Like in any business, my job is to work with the Board in supporting their initiatives for the year, understand the budget constraints we are up against and put together a “product” that not only our sponsors are willing to “buy” but will deliver either the cash or product that will make our members happy. The membership TCSD has, and more importantly, getting access to the membership for marketing purposes is something that sponsors have valued significantly in the past. So, we have to productize that in a way we can maximize the benefit the club can receive from a given sponsor while balancing that with maximizing the return on investment a sponsor will get for their advertising dollars with us. That is why we have recently tried to max out our advertising channels to help get our sponsors message out. We recently appointed Kat Gunsur to Director of Social Media. I can’t stress enough how phenomenal of a job she does keeping Twitter, Facebook, Instagram, Google+ updated with our sponsor’s message, promotional ads, etc. Sponsors see the activity we have for TCSD and find real value in it. We have also offered up focus groups to sponsors who want to try out new products and get direct feedback from their ideal customer demographic, and have even helped introduce partners from outside the area to local retailers in hope of helping them establish direct retailers in San Diego County to get their product out. Just trying to squeeze out all of the possible value the club can provide to the sponsors to make us the most attractive marketing option they have to the triathlon community here in town. So far, so good.
Craig: What are the criteria we look for as a club when we decide to partner with a sponsor?
Cory: I try to focus on 3 main things:
Are they to be a good fit for TCSD?
Going back to my previous answer, we are trying to establish ourselves as a good investment for our customers but there is a saying in business that the only thing worse than not having a customer is having a bad customer. For TCSD this mainly means that we need to make sure who we partner with, is a customer that not only is excited to work with us, but one to whom we know we can bring value to them. The last thing I want to do is sign up a large sponsor who I know is not going to get a return on their investment because of whatever factors. If I know we can’t help them and bring them value then I tell them so up front that it is not a good fit and explain why. Otherwise it only causes a strained business relationship, no parties are happy and most of the time leads to them simply not re-signing on as a sponsor which in the end is not worth it for either party.
How do they balance to our current sponsors?
We have a huge, great list of long time loyal sponsors. But obviously not all of those sponsors are the only ones in their field. There is competition for every single one of our sponsors out there and in a LOT of cases, those competitors would love to advertise with us, give us discounts, anything to try and take a customer or two away from the competition. It is imperative that I look at the sponsors who are, and have been here when looking at new sponsors who are interested in signing on. Are they going to upset a long time sponsor who might walk away from TCSD? Are they selling something direct that takes away sales from the bike shops? These are just a few questions that I have to ask when talking with potential customers. The same thing goes when a shop who is not a sponsor says “Hey, you don’t have to do anything, I just want to give all your members 15% off. Can I communicate that to your members?” And 99% of the time my answer is “No!” The reason goes right back to creating a product that is valuable. I think access to our members is valuable and our sponsors do to. We have to maintain a level of exclusivity for our sponsors, otherwise it becomes worthless and the sponsor paying to advertise stops paying. So while I appreciate the fact that many local shops want to give discounts to our members, in most cases we already have a sponsor who is willing to give the same discount and has already done more for the club like giving us the money to buy the food for meetings, give aways for the raffle table, or paying for the youth program.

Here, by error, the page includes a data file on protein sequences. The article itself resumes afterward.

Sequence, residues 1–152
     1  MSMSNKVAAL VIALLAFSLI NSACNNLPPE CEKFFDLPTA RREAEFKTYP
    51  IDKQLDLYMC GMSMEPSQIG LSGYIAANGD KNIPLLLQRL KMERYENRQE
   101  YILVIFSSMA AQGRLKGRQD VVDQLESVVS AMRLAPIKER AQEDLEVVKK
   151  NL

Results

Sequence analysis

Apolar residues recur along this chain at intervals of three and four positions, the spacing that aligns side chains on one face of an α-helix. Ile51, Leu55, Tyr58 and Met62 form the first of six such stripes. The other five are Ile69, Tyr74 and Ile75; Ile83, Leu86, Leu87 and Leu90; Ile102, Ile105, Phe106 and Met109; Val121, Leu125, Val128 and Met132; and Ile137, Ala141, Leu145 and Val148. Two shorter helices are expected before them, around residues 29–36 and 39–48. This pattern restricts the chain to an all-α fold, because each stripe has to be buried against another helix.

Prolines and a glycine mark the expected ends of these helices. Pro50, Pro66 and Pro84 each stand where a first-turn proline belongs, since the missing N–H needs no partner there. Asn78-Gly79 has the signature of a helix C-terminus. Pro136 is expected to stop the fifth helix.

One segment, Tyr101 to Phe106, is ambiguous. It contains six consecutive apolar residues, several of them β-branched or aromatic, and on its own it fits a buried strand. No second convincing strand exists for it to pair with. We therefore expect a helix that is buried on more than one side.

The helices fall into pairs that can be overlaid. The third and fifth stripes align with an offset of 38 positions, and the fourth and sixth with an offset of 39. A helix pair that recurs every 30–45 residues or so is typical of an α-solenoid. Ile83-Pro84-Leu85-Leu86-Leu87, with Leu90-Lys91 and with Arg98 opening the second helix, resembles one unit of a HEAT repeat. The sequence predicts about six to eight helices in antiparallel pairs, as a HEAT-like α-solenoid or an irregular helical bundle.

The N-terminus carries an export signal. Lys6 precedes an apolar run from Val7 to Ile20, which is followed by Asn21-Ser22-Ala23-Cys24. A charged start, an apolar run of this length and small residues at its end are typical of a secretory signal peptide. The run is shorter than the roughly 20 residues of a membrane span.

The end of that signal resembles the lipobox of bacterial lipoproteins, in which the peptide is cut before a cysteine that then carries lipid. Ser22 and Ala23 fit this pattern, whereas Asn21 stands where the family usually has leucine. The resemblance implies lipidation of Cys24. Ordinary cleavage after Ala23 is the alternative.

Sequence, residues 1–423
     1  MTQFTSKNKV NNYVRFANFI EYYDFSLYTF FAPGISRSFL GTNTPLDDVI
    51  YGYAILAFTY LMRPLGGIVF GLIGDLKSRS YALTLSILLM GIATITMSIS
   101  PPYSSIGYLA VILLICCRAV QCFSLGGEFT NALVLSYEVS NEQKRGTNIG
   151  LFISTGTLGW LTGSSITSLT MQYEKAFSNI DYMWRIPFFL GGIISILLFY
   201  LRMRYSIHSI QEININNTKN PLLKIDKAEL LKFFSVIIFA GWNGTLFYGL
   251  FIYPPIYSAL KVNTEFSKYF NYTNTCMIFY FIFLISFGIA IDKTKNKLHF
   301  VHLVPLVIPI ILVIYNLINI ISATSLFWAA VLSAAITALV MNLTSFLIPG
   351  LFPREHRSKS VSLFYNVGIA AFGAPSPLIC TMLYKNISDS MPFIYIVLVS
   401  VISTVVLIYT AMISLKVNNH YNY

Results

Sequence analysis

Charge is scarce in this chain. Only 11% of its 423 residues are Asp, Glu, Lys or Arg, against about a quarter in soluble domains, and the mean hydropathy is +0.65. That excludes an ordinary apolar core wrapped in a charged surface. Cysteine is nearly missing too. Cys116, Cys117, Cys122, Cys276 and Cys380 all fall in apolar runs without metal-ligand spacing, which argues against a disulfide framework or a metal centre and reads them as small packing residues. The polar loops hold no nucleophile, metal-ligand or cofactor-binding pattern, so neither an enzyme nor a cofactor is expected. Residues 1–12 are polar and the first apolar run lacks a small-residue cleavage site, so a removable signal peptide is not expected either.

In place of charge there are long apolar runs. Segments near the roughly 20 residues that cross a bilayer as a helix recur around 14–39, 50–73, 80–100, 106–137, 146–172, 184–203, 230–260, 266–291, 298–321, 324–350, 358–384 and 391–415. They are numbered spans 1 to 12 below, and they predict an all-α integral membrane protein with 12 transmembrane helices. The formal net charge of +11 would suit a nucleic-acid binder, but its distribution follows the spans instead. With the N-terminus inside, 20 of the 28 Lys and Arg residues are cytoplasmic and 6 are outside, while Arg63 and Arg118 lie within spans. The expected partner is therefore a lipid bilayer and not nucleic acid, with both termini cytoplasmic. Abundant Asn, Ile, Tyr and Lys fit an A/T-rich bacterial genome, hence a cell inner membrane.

Is the return on investment for TCSD worth the time and effort for the club?
I have talked a lot about the return on the investment for our customers, but equally important is the return for TCSD. Is the amount of time or demands from the customer worth the value or benefits they provide TCSD and its members. This not only means how much cash or product they are paying as part of their sponsorship, but also what time or special requests do we need to work with. Again, this is a 100% volunteer run organization and most if not all of us have full time jobs on the side. So all of our time is important and in some cases more important than the benefit TCSD is getting form a sponsor. We have declined to sign or renew sponsors in the past based solely on this point.
So when I look at those 3 points, I can usually have a good feel on whether or not we should pursue them and I do my best to get to an arrangement where all parties sign up and feel that they got a great deal for their respective parties.
Craig: What can our members do to help you as Sponsorship Director?